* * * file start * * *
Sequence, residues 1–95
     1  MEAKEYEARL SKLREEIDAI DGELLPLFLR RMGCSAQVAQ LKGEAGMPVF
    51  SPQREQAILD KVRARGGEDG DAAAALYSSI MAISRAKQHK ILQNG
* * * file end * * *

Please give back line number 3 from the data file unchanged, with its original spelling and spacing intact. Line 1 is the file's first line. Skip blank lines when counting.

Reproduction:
    51  SPQREQAILD KVRARGGEDG DAAAALYSSI MAISRAKQHK ILQNG